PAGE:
July 9, 2014 -- Updated 2047 GMT (0447 HKT)
World War I ushered in an era of chemical weapons use that inflicted agonizing injury and death. Its lethal legacy lingers into conflicts today, Paul Schulte says
July 10, 2014 -- Updated 1137 GMT (1937 HKT)
Tom Foley and Ben Zimmer say Detroit's recent bankruptcy draws attention to a festering problem in America -- cities big and small are failing to keep up with change.
July 10, 2014 -- Updated 1201 GMT (2001 HKT)
Mel Robbins says many people think there's "something suspicious" about Leanna Harris. But there are other interpretations of her behavior
July 9, 2014 -- Updated 1753 GMT (0153 HKT)
Amy Bass says Germany's rout of Brazil on its home turf was brutal, but in defeat the Brazilian fans' respect for the victors showed why soccer is called 'the beautiful game'
July 9, 2014 -- Updated 2107 GMT (0507 HKT)
Aaron Carroll explains how vaccines can prevent illnesses like measles, which are on the rise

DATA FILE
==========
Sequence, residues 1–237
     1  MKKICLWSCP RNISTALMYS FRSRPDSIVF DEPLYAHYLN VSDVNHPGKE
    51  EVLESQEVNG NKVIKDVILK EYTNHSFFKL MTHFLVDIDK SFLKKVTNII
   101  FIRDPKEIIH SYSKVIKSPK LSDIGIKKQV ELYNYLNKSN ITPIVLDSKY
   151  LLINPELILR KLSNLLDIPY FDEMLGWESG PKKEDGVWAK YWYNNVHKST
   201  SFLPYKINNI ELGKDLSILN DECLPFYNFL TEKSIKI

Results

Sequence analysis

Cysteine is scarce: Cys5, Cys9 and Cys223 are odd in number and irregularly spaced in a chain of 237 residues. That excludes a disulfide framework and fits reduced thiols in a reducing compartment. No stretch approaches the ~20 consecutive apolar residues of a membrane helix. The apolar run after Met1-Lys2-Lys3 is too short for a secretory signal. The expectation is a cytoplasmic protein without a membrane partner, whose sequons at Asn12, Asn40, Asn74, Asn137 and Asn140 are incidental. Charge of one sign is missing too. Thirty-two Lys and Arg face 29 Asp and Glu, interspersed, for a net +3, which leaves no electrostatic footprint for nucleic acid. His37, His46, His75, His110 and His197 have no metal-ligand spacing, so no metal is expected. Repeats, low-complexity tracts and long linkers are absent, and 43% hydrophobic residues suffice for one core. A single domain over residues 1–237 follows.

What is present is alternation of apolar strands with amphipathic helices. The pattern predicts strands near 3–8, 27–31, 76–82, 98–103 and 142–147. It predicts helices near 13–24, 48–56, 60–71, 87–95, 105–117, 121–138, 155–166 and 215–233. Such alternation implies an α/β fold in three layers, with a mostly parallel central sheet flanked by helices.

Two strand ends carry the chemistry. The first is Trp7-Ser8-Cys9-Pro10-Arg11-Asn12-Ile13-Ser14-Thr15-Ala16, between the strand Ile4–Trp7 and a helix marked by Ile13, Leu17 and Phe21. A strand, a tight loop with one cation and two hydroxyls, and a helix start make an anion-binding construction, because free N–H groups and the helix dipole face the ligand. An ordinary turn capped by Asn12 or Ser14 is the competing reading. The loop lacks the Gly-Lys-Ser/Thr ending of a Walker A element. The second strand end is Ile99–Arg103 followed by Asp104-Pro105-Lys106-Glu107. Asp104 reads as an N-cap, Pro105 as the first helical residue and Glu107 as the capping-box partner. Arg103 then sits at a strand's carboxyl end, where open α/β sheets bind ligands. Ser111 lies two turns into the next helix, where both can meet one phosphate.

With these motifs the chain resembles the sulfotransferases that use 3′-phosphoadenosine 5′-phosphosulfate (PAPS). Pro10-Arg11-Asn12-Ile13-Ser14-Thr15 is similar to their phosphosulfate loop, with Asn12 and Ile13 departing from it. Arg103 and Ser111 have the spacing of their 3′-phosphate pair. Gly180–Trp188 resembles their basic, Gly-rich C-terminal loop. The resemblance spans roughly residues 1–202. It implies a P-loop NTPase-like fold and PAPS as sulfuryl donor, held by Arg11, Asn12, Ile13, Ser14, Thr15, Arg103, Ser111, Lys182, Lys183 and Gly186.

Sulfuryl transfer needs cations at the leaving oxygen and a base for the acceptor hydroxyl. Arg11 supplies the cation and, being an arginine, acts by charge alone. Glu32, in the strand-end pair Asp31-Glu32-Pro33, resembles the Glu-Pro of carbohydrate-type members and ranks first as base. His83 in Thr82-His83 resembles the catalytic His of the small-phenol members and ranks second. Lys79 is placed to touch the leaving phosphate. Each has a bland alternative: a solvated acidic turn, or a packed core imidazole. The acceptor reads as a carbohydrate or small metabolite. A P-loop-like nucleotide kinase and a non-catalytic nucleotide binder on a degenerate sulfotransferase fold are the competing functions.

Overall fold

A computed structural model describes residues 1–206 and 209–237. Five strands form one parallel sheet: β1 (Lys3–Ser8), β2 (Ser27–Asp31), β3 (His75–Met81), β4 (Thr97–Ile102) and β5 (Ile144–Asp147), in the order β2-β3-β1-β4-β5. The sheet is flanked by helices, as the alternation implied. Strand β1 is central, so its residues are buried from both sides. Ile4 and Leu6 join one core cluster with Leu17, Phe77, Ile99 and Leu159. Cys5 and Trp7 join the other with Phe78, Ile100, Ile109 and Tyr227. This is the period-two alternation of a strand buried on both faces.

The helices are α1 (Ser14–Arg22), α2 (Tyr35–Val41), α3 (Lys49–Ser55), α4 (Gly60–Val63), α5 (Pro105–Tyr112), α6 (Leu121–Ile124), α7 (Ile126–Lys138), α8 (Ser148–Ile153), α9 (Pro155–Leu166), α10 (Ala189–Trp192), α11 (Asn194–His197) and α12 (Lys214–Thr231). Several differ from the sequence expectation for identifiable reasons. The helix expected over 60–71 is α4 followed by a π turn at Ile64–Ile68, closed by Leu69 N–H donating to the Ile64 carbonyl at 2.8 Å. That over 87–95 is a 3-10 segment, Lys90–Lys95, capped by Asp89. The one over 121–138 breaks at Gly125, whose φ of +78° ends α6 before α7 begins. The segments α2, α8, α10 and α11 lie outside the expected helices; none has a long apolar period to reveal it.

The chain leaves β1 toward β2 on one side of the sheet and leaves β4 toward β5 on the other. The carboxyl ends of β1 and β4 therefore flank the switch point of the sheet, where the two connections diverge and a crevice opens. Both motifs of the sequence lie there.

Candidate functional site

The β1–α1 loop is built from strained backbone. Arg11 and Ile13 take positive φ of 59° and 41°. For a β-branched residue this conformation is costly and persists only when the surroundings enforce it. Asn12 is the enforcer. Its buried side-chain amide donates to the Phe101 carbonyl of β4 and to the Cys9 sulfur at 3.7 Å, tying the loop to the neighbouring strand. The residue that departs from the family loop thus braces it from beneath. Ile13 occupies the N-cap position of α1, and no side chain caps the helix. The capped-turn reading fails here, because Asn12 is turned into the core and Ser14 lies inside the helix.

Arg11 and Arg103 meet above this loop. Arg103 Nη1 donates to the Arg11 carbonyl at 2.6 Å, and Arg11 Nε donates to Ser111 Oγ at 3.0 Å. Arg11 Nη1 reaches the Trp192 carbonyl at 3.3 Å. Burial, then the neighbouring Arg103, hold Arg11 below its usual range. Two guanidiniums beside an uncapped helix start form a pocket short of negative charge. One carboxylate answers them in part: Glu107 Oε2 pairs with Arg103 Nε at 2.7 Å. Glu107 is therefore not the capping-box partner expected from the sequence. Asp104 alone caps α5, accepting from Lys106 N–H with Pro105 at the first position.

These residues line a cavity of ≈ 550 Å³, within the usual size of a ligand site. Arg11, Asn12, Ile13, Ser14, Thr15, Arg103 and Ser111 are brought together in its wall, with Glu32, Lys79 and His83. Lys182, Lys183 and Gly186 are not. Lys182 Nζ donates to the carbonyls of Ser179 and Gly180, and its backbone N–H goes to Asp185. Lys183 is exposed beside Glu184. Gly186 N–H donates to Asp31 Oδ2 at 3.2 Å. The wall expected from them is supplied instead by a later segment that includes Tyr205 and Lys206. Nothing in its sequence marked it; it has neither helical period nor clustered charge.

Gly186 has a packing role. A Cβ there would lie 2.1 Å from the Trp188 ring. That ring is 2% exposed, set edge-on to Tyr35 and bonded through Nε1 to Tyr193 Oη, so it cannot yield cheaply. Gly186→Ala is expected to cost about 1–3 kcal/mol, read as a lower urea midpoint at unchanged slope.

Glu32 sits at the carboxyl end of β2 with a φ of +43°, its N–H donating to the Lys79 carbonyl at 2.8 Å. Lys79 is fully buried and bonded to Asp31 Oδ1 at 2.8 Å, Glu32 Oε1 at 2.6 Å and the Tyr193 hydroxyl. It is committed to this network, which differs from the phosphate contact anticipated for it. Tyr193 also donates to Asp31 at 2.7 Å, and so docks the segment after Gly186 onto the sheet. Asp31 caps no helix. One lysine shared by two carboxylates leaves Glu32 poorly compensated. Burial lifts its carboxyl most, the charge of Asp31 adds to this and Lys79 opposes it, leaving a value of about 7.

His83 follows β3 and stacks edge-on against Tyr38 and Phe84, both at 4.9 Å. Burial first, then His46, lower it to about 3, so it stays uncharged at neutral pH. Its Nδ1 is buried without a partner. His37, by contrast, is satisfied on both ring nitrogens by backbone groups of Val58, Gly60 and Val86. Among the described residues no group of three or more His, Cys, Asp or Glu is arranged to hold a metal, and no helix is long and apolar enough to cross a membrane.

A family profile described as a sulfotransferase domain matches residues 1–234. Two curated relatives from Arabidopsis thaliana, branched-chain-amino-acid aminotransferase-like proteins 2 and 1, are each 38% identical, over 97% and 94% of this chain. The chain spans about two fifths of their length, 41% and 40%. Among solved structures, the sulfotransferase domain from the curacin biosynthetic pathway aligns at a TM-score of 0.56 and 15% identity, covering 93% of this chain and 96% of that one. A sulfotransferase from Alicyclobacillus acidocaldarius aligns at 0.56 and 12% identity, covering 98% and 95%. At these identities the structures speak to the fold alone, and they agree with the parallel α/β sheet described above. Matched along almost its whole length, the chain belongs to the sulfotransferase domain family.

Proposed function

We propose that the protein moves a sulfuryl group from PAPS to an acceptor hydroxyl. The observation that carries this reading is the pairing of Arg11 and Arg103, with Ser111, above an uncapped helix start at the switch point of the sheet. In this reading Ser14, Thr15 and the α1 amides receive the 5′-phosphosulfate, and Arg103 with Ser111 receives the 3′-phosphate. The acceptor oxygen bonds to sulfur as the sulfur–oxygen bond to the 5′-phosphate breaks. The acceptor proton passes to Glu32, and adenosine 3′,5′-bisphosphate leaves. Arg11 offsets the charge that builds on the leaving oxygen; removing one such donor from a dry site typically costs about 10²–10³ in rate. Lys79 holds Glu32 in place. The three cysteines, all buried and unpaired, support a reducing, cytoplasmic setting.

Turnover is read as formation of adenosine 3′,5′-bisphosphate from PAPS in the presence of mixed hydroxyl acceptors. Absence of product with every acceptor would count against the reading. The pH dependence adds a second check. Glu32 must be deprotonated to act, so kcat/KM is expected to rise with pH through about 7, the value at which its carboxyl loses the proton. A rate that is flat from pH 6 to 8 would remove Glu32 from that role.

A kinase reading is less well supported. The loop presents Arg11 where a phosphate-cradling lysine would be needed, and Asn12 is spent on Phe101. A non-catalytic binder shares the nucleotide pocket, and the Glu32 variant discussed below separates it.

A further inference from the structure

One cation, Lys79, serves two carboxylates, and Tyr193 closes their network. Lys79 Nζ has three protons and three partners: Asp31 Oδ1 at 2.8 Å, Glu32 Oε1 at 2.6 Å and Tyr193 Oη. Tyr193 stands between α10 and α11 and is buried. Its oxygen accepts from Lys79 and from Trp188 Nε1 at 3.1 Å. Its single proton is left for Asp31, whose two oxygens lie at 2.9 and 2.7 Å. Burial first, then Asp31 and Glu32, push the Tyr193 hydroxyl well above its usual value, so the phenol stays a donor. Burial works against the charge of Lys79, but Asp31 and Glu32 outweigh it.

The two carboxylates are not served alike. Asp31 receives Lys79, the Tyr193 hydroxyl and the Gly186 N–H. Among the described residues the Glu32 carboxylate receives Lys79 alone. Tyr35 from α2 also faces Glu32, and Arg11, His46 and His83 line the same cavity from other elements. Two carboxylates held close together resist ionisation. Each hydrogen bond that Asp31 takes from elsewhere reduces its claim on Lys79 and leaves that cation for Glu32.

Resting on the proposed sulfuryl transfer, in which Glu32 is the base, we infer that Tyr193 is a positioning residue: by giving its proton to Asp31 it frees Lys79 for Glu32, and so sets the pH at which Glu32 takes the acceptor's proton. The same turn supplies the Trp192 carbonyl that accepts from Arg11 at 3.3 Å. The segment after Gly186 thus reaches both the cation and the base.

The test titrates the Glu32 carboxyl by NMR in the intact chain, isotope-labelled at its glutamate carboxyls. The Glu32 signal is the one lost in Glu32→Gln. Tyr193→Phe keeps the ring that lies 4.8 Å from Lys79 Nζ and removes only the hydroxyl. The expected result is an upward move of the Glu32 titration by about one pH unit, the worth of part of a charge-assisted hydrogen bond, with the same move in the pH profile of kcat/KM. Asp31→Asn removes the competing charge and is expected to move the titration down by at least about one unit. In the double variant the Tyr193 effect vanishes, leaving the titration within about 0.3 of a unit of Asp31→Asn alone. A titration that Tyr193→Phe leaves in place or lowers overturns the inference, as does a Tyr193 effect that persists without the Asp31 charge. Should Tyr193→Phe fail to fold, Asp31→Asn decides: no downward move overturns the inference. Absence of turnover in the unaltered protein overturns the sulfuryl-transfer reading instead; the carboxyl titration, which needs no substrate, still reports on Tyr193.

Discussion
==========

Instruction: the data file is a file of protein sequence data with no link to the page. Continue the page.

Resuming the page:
July 9, 2014 -- Updated 0008 GMT (0808 HKT)
Aaron Miller says if you think the ongoing escalation between Israel and Hamas over Gaza will force a moment of truth, better think again
July 8, 2014 -- Updated 1903 GMT (0303 HKT)
Norman Matloff says a secret wage theft pact between Google, Apple and others highlights ethics problems in Silicon Valley.
July 8, 2014 -- Updated 2237 GMT (0637 HKT)
The mother of murdered Palestinian teenager Mohammed Abu Khder cries as she meets Palestinian president Mahmoud Abbas in Ramallah, West Bank on July 7, 2014.
Naseem Tuffaha says the killing of Israeli teenagers has rightly brought the world's condemnation, but Palestinian victims like his cousin's slain son have been largely reduced to faceless, nameless statistics.
ADVERTISEMENT